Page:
I filled out my ballot. Signed the envelope. Voting is a right I do not take for granted. It is one my foremothers fought for. I am thankful that I have equal rights as my husband and am not his property, but rather his partner. I am a feminist as far as equal rights and partnerships go but I have a very old fashioned view of what feminism should look like and what many of us have forgotten.
I am a housewife. I do not have children at home. I am expected by society to obtain work. Even mothers with children are expected to work. The doors were opened by marketing campaigns for frozen dinners and cigarettes to alight the way for women back to work. No longer are we attached to our apron strings! What really happened is that women left the kitchen en masse for careers and the workplace, leaving their children to fend for themselves. And yet still, as we leave work at dusk, we are still expected to clean the house, run the errands, and feed the family. Fast food and restaurants, food services, house cleaners, and daycares fill the spaces that we left behind on our way to the office.
When Doug and I started a homestead, it was made very clear why women and men have specific roles. They are very natural and work well together. It would take me three days to chop and stack wood that a man could do in a few hours. Men have a natural inclination to provide for their families, to be the hunter-gatherer, and their self esteem is often linked to that. We as women are natural nurturers, holding any child to our bosom who is in need, providing cooked sustenance and taking care of most needs over our own. A homestead depends on gender roles, as does our society.
I have had as many young male farm interns as female, and even in our modern day, these young people excel at what their gender dictates. The men are terrible at cleaning house and doing dishes, scarcely lifting a finger to fix supper, not detailed orientated, but excel at large jobs, stacking wood, heavy lifting, building. While the women flit around seamlessly, canning tomatoes, fixing supper, laughing, and gardening. There are always exceptions to the rule and many things are fun do together with partners, but for the most part, we are different in beautiful ways.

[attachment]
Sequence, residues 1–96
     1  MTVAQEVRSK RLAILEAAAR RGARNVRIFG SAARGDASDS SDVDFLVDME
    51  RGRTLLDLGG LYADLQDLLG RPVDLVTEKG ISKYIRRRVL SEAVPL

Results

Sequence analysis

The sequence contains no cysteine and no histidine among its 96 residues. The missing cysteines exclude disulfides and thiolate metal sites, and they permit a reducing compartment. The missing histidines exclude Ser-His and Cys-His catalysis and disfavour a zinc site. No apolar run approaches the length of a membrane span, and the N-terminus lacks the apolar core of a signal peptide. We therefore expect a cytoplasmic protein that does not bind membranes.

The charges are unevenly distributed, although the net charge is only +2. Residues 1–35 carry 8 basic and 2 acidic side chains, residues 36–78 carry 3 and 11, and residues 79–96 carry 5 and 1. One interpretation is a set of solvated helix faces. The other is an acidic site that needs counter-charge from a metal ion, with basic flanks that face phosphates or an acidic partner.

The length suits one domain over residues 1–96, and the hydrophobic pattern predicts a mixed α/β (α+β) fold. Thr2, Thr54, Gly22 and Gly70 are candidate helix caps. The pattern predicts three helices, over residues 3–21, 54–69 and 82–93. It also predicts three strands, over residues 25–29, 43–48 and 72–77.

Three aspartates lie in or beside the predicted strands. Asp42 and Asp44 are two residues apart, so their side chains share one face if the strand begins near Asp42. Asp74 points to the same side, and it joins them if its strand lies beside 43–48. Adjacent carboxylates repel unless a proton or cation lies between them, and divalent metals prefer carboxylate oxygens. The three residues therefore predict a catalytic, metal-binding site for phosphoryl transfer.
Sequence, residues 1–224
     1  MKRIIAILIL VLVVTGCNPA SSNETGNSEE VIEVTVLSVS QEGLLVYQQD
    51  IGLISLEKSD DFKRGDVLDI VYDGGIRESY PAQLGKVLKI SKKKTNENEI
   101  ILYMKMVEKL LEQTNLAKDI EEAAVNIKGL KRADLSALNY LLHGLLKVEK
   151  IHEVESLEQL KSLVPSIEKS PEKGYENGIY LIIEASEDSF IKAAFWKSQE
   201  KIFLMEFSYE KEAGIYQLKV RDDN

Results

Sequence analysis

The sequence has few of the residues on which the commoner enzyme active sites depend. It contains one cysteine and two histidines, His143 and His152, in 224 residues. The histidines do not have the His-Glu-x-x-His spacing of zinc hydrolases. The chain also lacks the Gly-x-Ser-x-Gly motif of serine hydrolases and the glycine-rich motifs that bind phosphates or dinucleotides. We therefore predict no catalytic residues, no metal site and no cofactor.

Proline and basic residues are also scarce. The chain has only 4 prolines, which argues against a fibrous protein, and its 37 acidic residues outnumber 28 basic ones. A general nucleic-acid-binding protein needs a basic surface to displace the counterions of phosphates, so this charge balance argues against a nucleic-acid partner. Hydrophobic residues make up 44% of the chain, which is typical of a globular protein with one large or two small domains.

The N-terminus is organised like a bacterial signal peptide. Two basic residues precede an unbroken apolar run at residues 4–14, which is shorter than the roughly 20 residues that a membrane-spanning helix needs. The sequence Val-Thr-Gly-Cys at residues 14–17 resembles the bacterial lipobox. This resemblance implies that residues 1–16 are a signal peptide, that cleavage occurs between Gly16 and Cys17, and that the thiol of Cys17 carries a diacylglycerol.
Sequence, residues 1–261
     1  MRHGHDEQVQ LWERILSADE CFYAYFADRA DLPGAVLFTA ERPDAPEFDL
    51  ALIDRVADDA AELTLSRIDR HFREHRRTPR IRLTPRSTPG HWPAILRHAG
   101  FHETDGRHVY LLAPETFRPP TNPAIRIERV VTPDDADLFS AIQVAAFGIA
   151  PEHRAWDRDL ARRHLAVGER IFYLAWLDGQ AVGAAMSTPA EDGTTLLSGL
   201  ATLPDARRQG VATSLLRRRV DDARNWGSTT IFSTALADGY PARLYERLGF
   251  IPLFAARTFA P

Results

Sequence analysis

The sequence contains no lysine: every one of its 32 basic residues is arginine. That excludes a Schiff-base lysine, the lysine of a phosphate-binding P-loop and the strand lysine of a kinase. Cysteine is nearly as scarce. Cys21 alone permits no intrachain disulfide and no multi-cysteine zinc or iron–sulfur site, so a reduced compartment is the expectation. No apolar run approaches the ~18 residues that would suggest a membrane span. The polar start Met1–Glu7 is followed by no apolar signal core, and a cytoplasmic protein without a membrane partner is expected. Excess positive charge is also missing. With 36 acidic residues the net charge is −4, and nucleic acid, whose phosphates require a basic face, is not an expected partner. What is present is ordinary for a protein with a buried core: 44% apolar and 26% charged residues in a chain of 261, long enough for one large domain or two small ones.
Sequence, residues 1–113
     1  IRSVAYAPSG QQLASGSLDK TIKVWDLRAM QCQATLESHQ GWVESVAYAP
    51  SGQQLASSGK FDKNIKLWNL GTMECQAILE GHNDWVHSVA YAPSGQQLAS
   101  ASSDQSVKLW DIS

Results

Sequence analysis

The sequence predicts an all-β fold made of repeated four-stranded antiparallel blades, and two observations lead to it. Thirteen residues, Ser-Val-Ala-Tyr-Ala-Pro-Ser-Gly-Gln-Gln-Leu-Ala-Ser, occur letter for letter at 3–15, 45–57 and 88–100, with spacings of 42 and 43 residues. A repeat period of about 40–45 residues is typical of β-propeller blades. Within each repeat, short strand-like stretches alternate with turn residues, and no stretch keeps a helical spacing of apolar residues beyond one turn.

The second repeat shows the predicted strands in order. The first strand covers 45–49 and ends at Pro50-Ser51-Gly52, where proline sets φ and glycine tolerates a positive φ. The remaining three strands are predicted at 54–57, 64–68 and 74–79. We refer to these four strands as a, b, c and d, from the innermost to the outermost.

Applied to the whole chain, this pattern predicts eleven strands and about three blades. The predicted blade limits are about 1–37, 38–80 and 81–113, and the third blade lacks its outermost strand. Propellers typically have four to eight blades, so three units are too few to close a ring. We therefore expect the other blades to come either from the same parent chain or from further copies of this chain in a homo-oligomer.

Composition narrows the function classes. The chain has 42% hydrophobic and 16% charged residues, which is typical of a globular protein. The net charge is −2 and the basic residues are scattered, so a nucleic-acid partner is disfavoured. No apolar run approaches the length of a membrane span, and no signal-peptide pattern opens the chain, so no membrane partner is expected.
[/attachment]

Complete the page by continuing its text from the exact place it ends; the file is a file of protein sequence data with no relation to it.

We women are powerful creatures, fighting for good and fairness. If women put half the energy they do into fighting for the right to have an abortion any time they like into the good and well being of our communities, how powerful that would be. If we put that kind of energy into nurturing our families, how much stronger our society would be. We are incredible leaders and passionate advocates- we are just fighting for the wrong things!
We live in Colorado, the third highest cost of living state to live in. We are proof that two incomes are not necessary. We do not have streaming services, cable, expensive phones or data plans, we despise debt, we are thrifty when needed but still indulge in what we love. We save money by my being home. Feminism also is the right to stay at home and be providers at the hearth. Women of all centuries have always had a side hustle that allowed them to have pocket money without giving up their responsibilities to the family and home. Work one day a week, arts and crafts, selling eggs, teaching classes, profiting off of hobbies- all these things can bring in income. Being at home is more environmentally friendly, more economical, and creates positive outcomes in the home. If you want to be a lawyer, go be a lawyer. If you want to be a homemaker, you have that right as well!
I wake up, pour myself coffee, start a fire in the woodstove if needed, work in the gardens, take care of the animals, clean the house, prepare meals, preserve food, work on crafts, am available if my children and grandchildren need me or if the neighbors need help. I am able to have peace of mind, have a busy, enjoyable life in the company of my family, provide healthy meals and a warm house, and proudly wear my apron. Now is the time to rethink what feminism is supposed to mean and use it for the health and security of our families, our communities, and our society at large.